Wednesday, April 30, 2008

The Chinese are coming

Taiwan mixed about prospect of more tourists from China

By Jonathan Adams
International Herald Tribune, Tuesday, April 29, 2008

PULI, Taiwan: At his hotel here, a short drive from scenic Sun Moon Lake in central Taiwan, Chang Tse-yen is eagerly anticipating a mainland Chinese tourist boom.

The Cheng Pao Hotel is already a popular stop for Chinese tour groups, and stands to profit if, as hoped, Taipei and Beijing conclude an agreement this summer to admit many more mainland tourists to Taiwan.

Currently, Chang said, occupancy averages 60 to 70 percent. But if the agreement goes through, he expects close to 100 percent, and he may hire as many as 18 more employees to deal with the increased guest load.

"I think every hotel around this area above a certain quality will be full," Chang said. "This is very good. If we get more guests, we get more money."

For Chang and other businesspeople here, the prospect of a mainland tourist invasion has raised hopes of a windfall. Some argue it could even influence political attitudes on the mainland in Taiwan's favor. China's Communist government continues to insist that self-ruled Taiwan is a renegade province, separated by civil war, and has not ruled out force to block formal independence.

But skeptics say only a few privileged businesses would benefit, and that the island's scenic spots could be spoiled by greedy developers and a tourist stampede.

Long off-limits to mainland Chinese, Taiwan is now popular among mainland tourists for its scenery, preservation of Chinese tradition and for historical sites associated with the former Kuomintang strongman Chiang Kai-shek.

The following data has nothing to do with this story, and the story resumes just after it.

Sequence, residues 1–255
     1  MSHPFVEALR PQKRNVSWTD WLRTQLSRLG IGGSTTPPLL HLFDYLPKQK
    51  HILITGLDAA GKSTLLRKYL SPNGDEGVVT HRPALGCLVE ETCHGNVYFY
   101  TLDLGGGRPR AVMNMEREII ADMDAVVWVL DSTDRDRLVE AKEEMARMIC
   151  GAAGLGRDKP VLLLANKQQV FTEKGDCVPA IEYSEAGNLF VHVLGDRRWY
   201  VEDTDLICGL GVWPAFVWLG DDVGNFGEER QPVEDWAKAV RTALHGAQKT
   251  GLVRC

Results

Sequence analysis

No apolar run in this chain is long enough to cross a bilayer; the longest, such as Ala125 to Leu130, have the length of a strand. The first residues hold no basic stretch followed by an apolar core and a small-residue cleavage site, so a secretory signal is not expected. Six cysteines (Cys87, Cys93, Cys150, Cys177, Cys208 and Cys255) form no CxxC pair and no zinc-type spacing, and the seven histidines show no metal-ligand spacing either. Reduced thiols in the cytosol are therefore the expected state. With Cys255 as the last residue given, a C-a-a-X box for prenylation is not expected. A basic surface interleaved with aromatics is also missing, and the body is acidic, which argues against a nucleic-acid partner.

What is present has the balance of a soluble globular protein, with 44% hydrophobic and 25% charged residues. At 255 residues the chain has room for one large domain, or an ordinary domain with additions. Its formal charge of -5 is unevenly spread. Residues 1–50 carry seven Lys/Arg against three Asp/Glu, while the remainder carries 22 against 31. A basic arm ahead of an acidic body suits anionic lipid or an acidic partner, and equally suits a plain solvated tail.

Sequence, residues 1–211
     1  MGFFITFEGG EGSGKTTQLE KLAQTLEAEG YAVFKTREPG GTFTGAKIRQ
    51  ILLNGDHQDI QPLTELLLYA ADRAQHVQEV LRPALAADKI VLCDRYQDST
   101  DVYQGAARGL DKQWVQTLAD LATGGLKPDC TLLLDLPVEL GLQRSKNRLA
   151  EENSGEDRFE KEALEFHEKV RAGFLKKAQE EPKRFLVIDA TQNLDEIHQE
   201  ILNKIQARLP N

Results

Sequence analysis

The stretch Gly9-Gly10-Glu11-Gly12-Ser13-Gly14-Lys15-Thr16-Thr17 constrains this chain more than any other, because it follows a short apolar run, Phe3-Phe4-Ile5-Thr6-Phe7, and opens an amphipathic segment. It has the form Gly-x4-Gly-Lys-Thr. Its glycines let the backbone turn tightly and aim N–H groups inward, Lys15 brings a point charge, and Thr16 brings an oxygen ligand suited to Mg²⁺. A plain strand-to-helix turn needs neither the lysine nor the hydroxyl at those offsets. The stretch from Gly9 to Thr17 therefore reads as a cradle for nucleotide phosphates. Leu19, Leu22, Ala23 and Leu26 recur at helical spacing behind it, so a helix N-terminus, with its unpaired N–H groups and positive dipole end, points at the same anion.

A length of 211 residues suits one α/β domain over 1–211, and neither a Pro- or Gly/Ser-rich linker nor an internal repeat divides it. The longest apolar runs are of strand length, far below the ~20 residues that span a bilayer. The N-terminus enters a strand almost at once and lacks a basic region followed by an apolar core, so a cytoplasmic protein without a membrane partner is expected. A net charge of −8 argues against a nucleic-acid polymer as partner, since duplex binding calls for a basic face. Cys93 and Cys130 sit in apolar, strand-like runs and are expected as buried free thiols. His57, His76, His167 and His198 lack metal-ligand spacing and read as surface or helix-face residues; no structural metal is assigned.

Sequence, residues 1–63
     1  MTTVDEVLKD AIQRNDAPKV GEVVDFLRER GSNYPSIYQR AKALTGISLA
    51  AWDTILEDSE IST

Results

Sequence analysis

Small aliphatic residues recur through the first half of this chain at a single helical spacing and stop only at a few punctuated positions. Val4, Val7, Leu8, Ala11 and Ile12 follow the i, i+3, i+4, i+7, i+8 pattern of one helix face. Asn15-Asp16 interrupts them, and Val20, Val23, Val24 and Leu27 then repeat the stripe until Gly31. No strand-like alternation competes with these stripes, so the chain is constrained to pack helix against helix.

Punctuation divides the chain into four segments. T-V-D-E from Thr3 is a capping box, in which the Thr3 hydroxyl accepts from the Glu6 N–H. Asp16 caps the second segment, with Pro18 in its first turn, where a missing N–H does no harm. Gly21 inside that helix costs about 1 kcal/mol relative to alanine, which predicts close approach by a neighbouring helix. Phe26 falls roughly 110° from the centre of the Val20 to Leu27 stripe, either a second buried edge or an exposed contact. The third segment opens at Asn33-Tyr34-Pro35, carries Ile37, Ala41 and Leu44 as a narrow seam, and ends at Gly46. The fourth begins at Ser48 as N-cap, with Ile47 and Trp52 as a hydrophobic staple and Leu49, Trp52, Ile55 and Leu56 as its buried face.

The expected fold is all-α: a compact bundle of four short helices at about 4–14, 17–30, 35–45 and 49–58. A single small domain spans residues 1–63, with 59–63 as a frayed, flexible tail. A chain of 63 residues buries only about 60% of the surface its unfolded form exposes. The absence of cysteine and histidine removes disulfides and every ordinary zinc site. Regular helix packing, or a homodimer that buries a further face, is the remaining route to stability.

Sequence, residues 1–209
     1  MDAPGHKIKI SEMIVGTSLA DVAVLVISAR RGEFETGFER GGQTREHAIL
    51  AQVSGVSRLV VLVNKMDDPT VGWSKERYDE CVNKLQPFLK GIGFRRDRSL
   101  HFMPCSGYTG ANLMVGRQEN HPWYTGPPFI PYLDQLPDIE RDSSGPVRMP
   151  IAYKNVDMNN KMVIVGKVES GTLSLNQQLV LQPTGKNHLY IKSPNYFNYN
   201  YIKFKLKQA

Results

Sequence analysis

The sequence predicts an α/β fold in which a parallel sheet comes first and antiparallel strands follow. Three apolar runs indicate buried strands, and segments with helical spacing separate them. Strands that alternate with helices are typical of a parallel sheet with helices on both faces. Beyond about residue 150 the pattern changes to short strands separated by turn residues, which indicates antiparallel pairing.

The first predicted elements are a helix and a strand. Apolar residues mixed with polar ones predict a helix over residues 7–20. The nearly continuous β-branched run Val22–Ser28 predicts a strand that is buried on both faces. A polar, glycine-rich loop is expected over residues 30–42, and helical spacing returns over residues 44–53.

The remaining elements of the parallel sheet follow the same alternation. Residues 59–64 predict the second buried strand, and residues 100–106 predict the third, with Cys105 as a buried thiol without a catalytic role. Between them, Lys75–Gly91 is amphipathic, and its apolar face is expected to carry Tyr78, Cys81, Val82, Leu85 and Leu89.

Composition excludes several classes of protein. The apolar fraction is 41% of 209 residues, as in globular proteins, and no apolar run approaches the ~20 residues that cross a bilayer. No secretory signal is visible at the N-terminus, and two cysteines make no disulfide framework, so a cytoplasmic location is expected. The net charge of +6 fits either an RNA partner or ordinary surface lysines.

Chinese tourists were first officially admitted to Taiwan in 2002. But visits are capped at 1,000 a day, and tourists must travel to the island via third locations because of restrictions on direct cross-strait flights.

But if Ma Ying-jeou, the president-elect, has his way, that will change.

Ma, who takes office on May 20, has promised to reach an agreement on more Chinese tourists and weekend cross-strait charter flights by early July, expanding to weekday charters by the end of the year and regularly scheduled flights by summer 2009. All this is part of his election pledge to stimulate the island's laggard economy with closer cross-strait economic ties.

Under the plan, the cap would be tripled to 3,000 Chinese tourists a day, or more than 1 million per year. Last year, 320,169 mainlanders visited Taiwan, only 81,900 of whom officially came as tourists, according to Taiwan's Mainland Affairs Council. The rest were listed as business travelers or "others."